Sudden Cardiac Death

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What is Sudden Cardiac Death?

Sudden Cardiac Death (SCD) is a swift and unexpected death caused by a heart condition or mechanism, which may or may not be obvious. SCD varies in its range of definition. Usually, though, it applies to a situation where the person, who was thought to be free of heart disease, or only had a "mild" heart disease, suddenly died.

What causes these sudden deaths?

In the age range between 40 and older, the vast majority is due to coronary artery disease (heart "attacks"). In 20% (one out of five) of those who develop symptoms of coronary artery disease, and even among those with advanced coronary artery disease, the first symptom of the disease is sudden death. In those younger than forty years old, including teenagers, sudden death from "no apparent reason" is usually due to fatal ventricular arrythmia (heart irregularity), which could be brought on by electrolyte imbalance and other factors, and in some cases, to totally unknown cause.

Can illegal drugs like Cocaine cause sudden death?

Yes, particularly Cocaine. Other "recreational" drugs could also lead to sudden death, many by causing deadly heart irregularity.

What is a "Widow-Maker" coronary artery disease?

As the name implies, this particular condition results in sudden deaths among men, leaving their wives widows. This is usually due to a severe blockage of the left main coronary artery. This left main coronary artery has two branches, one supplying blood to the left ventricle and the septum (inner dividing wall) of the heart, and one supplying blood to the muscles of the back of the heart. If the left main coronary artery is blocked, all the left ventricular muscles are deprived of blood and suffer a massive acute heart attack, followed by sudden death. Even a single coronary blockage, if severe enough, could be dangerous, and deadly, depending on the portion of the heart that suffers.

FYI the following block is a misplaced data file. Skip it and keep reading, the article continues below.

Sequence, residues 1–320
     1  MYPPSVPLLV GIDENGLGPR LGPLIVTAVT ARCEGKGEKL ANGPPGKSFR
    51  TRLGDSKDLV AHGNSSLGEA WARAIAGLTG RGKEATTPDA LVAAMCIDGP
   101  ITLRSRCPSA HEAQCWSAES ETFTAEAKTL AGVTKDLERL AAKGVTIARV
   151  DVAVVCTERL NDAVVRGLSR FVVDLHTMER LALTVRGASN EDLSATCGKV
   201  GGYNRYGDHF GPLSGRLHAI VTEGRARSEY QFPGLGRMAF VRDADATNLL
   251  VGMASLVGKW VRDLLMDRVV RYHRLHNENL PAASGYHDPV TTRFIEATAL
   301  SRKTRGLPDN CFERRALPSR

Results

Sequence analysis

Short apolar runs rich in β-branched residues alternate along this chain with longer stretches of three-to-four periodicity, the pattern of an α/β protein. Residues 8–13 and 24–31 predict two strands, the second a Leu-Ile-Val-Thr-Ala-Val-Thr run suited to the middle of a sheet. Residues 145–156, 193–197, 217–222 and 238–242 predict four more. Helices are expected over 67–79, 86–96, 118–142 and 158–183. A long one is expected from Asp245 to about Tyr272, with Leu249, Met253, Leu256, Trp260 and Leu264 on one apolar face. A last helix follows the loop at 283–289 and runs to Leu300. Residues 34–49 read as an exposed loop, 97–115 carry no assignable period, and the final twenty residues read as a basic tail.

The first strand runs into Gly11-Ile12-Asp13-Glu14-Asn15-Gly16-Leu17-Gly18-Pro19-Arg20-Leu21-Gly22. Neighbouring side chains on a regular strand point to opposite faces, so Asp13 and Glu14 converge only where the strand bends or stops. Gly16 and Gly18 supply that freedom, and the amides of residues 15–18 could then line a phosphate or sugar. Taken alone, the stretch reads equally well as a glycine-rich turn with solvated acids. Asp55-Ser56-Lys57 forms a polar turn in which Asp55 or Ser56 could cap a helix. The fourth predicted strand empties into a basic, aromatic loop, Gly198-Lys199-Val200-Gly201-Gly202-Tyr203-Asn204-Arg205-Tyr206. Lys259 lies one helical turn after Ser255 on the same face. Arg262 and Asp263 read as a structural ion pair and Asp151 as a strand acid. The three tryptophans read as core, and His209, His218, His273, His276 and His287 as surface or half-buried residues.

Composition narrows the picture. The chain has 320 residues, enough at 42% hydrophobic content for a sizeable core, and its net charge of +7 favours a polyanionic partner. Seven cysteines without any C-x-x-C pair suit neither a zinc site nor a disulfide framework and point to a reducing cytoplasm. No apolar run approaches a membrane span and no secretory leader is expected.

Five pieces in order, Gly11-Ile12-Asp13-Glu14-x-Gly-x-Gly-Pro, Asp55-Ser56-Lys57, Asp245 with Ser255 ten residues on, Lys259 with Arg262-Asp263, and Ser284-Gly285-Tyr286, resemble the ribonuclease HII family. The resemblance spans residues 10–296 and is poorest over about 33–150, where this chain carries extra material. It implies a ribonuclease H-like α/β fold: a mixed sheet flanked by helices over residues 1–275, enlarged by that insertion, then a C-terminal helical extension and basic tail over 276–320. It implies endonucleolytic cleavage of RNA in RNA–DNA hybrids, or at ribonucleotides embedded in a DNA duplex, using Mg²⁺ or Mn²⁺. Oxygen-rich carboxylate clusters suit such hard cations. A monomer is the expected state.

Could Mitral Valve Prolapse cause sudden death?

Yes, but, fortunately, very rarely. Mitral Valve Prolapse is a condition where this valve on the left side of the heart (between the left upper and left lower chamber) is kind of "limp" and "weak" resulting in a slightly or moderately leaking Mitral Valve. This condition is generally benign and does not require surgery. Medications and some lifestyle changes are the therapies of choice.

What are the usual symptoms prior to SCD?

Interviews with family of the victims usually reveal some angina (chest discomfort or tightness), or heart irregularity, and/or shortness of breath, and worsening of the symptoms over a few days or a few hours before sudden collapse and death in 75% of these people. Some of these symptoms may even be self-diagnosed by the victims as indigestion, fatigue, muscle pains, or depression. Self-denial (of symptoms) makes this condition treacherous. Anyone with any of these symptoms should consult their physicians without delay.

Does a normal EKG preclude SCD?